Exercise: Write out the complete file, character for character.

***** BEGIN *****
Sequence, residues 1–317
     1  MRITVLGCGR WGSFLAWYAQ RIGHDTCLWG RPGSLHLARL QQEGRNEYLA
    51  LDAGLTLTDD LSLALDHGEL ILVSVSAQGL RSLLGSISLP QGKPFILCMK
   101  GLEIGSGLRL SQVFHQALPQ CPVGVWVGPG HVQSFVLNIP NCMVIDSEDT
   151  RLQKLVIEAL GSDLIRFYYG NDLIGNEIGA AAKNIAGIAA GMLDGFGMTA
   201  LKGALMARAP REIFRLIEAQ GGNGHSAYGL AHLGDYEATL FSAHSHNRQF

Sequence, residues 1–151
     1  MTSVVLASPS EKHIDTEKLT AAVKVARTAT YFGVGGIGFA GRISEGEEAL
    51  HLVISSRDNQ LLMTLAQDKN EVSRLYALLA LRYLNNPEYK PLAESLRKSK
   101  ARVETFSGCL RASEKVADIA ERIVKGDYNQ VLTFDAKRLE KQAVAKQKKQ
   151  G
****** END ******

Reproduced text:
Sequence, residues 1–317
     1  MRITVLGCGR WGSFLAWYAQ RIGHDTCLWG RPGSLHLARL QQEGRNEYLA
    51  LDAGLTLTDD LSLALDHGEL ILVSVSAQGL RSLLGSISLP QGKPFILCMK
   101  GLEIGSGLRL SQVFHQALPQ CPVGVWVGPG HVQSFVLNIP NCMVIDSEDT
   151  RLQKLVIEAL GSDLIRFYYG NDLIGNEIGA AAKNIAGIAA GMLDGFGMTA
   201  LKGALMARAP REIFRLIEAQ GGNGHSAYGL AHLGDYEATL FSAHSHNRQF

Sequence, residues 1–151
     1  MTSVVLASPS EKHIDTEKLT AAVKVARTAT YFGVGGIGFA GRISEGEEAL
    51  HLVISSRDNQ LLMTLAQDKN EVSRLYALLA LRYLNNPEYK PLAESLRKSK
   101  ARVETFSGCL RASEKVADIA ERIVKGDYNQ VLTFDAKRLE KQAVAKQKKQ
   151  G